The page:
Reporting Aristea Brady
MINNEAPOLIS (WCCO) - Within the week, we could see days where the high temp is below zero. The extreme cold snap is not only uncomfortable for us, but it can also do a number on our homes. Cold temps and high winds are the perfect recipe for frozen pipes.
After a slow season last winter, plumbing companies around the metro are gearing up for what could be a rush in business. Experts, like Wayne Johnson of Minneapolis Saint Paul Plumbing, Heating And Air, say a little prevention now could save you both a big mess and a hefty bill.
“Proactive is always better with everything,” Johnson said.
When cold wind hits your home, it makes its way through the walls, hitting the pipes.
“That water is sitting still, and so it’s just waiting for it to be frozen,” he said.
So what can you do to prevent this? First, look at your insulation.
“If you’re…remodeling and stuff, that’s the time to really start looking at your insulation, not only just to save energy, but also to prevent some of these pipes from freezing,” he said.
Second, Johnson says if you have an attached garage, keep the doors closed to keep cold air out.
And third is an easy one: if you go out of town, have a family member or neighbor check in on your home every couple of days.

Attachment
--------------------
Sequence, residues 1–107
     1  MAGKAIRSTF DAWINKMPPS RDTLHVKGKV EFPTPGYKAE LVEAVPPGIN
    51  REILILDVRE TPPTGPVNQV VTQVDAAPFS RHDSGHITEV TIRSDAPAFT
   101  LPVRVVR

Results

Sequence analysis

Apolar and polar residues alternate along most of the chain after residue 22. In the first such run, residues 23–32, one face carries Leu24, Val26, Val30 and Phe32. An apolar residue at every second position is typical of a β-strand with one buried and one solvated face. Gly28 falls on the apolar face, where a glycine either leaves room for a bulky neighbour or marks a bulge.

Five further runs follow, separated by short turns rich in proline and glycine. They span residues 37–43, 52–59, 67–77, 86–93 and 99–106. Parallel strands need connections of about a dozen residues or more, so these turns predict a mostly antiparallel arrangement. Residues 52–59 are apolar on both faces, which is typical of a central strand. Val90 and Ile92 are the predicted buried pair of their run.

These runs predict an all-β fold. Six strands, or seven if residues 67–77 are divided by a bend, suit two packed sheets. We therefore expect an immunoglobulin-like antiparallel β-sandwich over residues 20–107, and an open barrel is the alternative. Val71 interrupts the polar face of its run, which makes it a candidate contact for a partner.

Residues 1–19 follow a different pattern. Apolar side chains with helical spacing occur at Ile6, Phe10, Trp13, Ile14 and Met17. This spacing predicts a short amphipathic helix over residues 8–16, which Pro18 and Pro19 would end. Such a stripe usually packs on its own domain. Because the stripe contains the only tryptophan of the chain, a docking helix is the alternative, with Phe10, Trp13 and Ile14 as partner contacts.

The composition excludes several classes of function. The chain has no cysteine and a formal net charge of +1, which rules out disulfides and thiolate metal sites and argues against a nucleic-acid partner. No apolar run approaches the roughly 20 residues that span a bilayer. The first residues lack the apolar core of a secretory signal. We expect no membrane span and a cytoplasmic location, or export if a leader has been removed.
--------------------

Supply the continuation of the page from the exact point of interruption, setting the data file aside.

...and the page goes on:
Johnson says unoccupied homes lose heat easily. And if your plumbing does freeze, put a space heater near the exposed pipe. If that doesn’t work, call a plumber.
Experts use a thaw machine, which looks similar to a battery charger. Using an electrical charge, the machine thaws the pipe.
Another tip is to open up the cabinets beneath the sinks, especially if you have a sink next to an outside wall. Also, don’t turn your heat down during cold, windy days. Keep it at the same temp. Any cooling down period – or time when the heat isn’t on in your home – allows cold air to get into walls.
And when it gets really cold, keep your faucets running – even at a drip. Doing so keeps the water flowing, which – like a river – won’t freeze as fast.